Mecklenburg County had the highest incidence of confirmed rabies cases in North Carolina five out of the past six years. These cases involved dogs and cats, as well as animals that are living in our backyards, such as raccoons, bats, and skunks. The only absolute way to prevent your pet and family from becoming infected with rabies is to keep your pets vaccinated. An unvaccinated pet that comes into contact with a rabid animal can ultimately expose loved ones to the fatal virus.
Rabies is a viral, zoonotic disease. This means an infected mammal can spread rabies to another animal or person, just through contact with its infected saliva. Rabies has no cure and is 100% fatal. Rabid animals aren’t necessarily aggressive nor do they always froth at the mouth. Infected animals often display a number of different neurologic signs including a simple lack of fear. That “friendly” raccoon in your yard during the middle of the day may actually be displaying signs of rabies! Even indoor pets, or pets that go out occasionally, should be vaccinated. Frequently, very small rodents like bats are present in the home and can bite pets without detection.
Dogs commonly have altercations with raccoons and other potentially infected animals while they are outside, which puts them at immediate risk of rabies exposure. Should this happen to your pet, it is very important that you leave both animals outside. Do not touch your dog, because infected saliva may be on its fur. Call your vet immediately for directions regarding your pet and contact animal control to trap the raccoon or other potentially rabid animal. Pets should get re-vaccinated within five days of any incident with a wild animal.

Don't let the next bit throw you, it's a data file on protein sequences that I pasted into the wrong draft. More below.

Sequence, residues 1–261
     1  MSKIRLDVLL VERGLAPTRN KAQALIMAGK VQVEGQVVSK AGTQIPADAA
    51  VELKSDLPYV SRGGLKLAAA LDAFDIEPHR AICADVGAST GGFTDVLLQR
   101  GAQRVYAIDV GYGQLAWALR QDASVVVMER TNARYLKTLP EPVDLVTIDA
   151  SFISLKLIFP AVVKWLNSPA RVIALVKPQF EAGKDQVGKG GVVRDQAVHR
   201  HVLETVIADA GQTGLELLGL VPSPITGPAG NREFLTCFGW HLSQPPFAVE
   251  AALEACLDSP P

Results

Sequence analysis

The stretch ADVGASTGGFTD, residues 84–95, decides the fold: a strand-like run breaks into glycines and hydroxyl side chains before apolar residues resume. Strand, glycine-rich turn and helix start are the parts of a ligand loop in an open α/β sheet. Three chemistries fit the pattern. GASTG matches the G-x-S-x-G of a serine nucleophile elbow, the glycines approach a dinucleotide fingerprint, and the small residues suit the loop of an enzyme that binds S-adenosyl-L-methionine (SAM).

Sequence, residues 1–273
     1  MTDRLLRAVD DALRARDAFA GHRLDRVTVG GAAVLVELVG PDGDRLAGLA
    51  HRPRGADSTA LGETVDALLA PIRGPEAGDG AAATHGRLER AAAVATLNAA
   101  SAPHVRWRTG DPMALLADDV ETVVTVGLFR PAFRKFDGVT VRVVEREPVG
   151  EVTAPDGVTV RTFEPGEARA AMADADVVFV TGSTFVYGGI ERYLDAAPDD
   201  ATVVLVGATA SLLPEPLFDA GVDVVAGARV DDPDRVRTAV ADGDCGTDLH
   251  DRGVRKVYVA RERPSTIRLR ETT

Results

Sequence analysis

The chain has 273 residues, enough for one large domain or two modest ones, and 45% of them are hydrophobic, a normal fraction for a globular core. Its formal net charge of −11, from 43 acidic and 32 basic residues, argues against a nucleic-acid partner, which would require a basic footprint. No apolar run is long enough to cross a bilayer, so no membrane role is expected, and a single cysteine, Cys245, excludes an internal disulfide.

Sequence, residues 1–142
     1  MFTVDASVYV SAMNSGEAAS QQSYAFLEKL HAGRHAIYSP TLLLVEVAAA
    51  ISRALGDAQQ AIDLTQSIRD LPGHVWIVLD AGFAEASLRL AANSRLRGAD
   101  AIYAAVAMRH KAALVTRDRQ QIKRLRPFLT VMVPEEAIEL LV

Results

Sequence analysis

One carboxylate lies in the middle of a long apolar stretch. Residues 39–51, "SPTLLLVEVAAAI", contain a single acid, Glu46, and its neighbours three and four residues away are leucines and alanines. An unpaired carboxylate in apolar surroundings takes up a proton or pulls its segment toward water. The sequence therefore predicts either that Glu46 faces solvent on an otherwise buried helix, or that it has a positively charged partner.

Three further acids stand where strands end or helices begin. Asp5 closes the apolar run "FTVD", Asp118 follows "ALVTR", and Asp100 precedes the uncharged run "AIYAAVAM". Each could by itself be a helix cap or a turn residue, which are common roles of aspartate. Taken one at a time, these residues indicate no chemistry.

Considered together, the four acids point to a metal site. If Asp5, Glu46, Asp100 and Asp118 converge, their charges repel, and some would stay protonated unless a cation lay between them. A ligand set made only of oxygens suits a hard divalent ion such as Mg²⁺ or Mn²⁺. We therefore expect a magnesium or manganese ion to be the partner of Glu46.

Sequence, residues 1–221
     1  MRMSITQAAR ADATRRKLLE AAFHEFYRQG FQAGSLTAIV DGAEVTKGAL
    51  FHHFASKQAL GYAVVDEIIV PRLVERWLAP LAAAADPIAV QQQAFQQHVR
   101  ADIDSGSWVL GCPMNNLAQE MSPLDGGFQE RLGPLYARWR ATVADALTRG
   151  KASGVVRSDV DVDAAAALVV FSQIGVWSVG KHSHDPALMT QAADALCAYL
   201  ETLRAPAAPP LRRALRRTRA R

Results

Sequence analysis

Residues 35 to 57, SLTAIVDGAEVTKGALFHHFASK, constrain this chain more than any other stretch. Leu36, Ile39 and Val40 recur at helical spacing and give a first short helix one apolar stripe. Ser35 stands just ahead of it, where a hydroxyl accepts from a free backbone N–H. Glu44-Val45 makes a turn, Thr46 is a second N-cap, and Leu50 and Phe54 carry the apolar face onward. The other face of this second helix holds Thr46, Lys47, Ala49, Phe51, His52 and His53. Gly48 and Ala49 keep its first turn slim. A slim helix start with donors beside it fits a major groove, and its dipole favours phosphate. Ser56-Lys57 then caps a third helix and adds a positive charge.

North Carolina law states that the first rabies vaccine must be given to a pet by 16 weeks of age. The initial vaccine is valid for one year. Subsequent vaccines are valid for a three-year period. Each time a pet receives a rabies booster, a rabies certificate and tag are issued. A certificate, with the pet’s accurate description, is the only legal proof of vaccination. Boosters for a rabies vaccine should be given on or before the due date listed on the rabies certificate.
A pet that is overdue for a rabies vaccine, even for one day, is not considered protected, or vaccinated, under the law. This could result in grave consequences for your pet. If an unvaccinated pet comes into contact with a potentially rabid animal, a legally mandated six-month quarantine at a veterinary hospital is imposed, at the pet owner’s expense. This could cost thousands of dollars! In the worst cases, the state health department can order immediate euthanasia and testing of your pet for rabies, especially if human exposure is suspected. If a pet that has never received a rabies vaccination develops unexplained neurologic signs, there is a legal requirement for euthanasia and testing of the pet for the virus, even if there is no direct evidence of exposure to a wild animal. If a vaccinated pet bites a human, there is a mandatory 10-day quarantine at an approved facility at the owner’s expense to observe the pet for signs of infection.
The rabies vaccine has helped nearly eradicate the incidence of the disease in our pet population. It’s inexpensive, highly effective and a pet owner’s legal responsibility. For more information on rabies, visit epi.publichealth.nc.gov/cd/lhds/manuals/rabies/toc.html.
Originally published March 2015 In The Lake Norman Citizen